1987, love in time of war. A bus driver George Lennox meets Carla, a Nicaraguan exile living a precarious, profoundly sad life in Glasgow. Her back is scarred, her boyfriend missing, her ... See full summary »
A young woman lives a life filled with bad choices. She marries and has a child with an abusive thief at a young age who quickly ends up in prison. Left alone she takes up with his mate (... See full summary »
A rediscovered classic from director Ken Loach (THE WIND THAT SHAKES THE BARLEY, KES) and one of the inspirations for Wes Anderson's MOONRISE KINGDOM, BLACK JACK is a dark and complex ... See full summary »
Nick, is a young Scottish soccer player living in the big city. He meets Karen, and the two fall in love and move in together. Soon after, Nick exhibits signs of serious illness. As his ... See full summary »
Ray is an aging ex-socialist who has become a bankrobber after seeing the demise of socialism in 1980s Britain. Teaming up with a gang of other has-beenish crims, he commits one bank job ... See full summary »
1987, love in time of war. A bus driver George Lennox meets Carla, a Nicaraguan exile living a precarious, profoundly sad life in Glasgow. Her back is scarred, her boyfriend missing, her family dispersed; she's suicidal. George takes her to Nicaragua to find out what has happened to them and to help her face her past. Once home, Carla's nightmarish memories take over, and Carla and George are thrown into the thick of the US war against the Sandinistas. A mystery develops over where Carla's boyfriend is, and the key to his whereabouts may be Carla's friend Bradley, a bitter American aid worker. She finds her family, the Contras attack, and she and the Scot face their choices. Written by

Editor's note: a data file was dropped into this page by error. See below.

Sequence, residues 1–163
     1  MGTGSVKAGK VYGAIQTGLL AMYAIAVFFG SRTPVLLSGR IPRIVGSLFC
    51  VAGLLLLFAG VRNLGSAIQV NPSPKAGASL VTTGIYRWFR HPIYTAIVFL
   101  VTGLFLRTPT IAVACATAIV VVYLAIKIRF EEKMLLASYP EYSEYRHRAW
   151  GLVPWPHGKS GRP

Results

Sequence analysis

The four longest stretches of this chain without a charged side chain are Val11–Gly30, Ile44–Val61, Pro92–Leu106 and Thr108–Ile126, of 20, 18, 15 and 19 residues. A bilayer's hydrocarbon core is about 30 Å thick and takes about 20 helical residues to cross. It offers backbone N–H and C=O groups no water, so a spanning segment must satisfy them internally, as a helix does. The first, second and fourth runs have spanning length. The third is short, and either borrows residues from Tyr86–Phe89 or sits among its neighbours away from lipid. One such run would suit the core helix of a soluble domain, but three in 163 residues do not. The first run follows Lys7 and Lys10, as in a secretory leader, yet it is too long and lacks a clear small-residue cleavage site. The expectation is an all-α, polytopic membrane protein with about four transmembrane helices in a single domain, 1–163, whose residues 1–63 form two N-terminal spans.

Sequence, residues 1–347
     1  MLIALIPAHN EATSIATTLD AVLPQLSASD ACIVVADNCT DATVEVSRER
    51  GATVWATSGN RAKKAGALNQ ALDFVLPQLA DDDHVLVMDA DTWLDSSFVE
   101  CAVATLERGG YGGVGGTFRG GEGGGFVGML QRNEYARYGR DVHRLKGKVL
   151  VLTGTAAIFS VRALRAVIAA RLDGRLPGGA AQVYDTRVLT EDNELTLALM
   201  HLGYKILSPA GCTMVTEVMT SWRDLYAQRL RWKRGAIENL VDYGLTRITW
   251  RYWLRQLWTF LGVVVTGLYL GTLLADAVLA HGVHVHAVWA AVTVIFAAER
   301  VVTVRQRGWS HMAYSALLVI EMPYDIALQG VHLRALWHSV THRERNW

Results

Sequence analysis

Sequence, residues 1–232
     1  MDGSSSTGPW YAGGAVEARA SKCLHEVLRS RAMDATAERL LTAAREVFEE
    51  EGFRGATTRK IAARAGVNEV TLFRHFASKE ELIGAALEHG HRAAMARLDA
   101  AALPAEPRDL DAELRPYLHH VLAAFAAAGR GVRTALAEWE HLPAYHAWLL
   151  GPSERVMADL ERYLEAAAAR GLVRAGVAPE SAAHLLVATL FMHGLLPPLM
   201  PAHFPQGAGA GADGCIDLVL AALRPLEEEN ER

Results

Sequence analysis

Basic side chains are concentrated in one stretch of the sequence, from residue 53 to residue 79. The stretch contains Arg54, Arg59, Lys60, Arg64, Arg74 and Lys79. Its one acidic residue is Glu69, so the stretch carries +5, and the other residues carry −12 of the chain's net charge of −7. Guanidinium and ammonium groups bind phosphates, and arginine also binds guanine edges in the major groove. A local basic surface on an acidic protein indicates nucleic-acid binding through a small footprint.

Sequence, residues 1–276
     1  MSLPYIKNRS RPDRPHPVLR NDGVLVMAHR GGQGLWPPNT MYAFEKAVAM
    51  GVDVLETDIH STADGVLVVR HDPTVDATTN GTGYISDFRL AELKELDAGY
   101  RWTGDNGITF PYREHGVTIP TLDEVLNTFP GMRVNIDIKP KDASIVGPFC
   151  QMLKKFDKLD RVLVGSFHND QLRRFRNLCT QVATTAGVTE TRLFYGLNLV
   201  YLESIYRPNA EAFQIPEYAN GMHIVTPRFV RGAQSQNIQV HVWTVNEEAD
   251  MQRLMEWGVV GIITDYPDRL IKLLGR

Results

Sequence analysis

It is easy to overlook this Ken Loach film. Critics had not been so kind about the excellent Land and Freedom as they had been in the past, and Carla's song didn't fare that well either. It seems difficult to understand why. The inimicable brand of social realism is there as is the focus on the experiences and emotions of the individual. There is even the trademark visual in-joke.
More than any other character in the recent past I cared for Carla. All performances are exceptional. What we have here is social realism that expands into political statement and ultimately human tragedy.
If at all possible, try to see this film. Carlisle's broad Scottish accent may make it difficult to follow for the non-initiated, but persevere, and you will be rewarded.
12 of 14 people found this review helpful.
Was this review helpful to you?